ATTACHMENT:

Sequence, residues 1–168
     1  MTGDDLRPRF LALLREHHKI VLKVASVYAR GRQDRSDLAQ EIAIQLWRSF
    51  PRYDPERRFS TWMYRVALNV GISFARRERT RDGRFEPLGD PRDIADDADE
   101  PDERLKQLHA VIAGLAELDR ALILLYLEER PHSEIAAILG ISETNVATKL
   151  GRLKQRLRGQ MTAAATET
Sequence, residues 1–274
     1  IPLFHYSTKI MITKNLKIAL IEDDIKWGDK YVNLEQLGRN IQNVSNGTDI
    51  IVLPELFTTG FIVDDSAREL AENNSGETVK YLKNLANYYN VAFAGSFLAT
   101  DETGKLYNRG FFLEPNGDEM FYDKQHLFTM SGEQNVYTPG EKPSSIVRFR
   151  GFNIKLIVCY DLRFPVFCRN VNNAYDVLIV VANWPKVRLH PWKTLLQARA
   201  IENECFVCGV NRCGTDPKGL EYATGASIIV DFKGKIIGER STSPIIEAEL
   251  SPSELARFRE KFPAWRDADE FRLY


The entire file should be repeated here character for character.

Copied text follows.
Sequence, residues 1–168
     1  MTGDDLRPRF LALLREHHKI VLKVASVYAR GRQDRSDLAQ EIAIQLWRSF
    51  PRYDPERRFS TWMYRVALNV GISFARRERT RDGRFEPLGD PRDIADDADE
   101  PDERLKQLHA VIAGLAELDR ALILLYLEER PHSEIAAILG ISETNVATKL
   151  GRLKQRLRGQ MTAAATET
Sequence, residues 1–274
     1  IPLFHYSTKI MITKNLKIAL IEDDIKWGDK YVNLEQLGRN IQNVSNGTDI
    51  IVLPELFTTG FIVDDSAREL AENNSGETVK YLKNLANYYN VAFAGSFLAT
   101  DETGKLYNRG FFLEPNGDEM FYDKQHLFTM SGEQNVYTPG EKPSSIVRFR
   151  GFNIKLIVCY DLRFPVFCRN VNNAYDVLIV VANWPKVRLH PWKTLLQARA
   201  IENECFVCGV NRCGTDPKGL EYATGASIIV DFKGKIIGER STSPIIEAEL
   251  SPSELARFRE KFPAWRDADE FRLY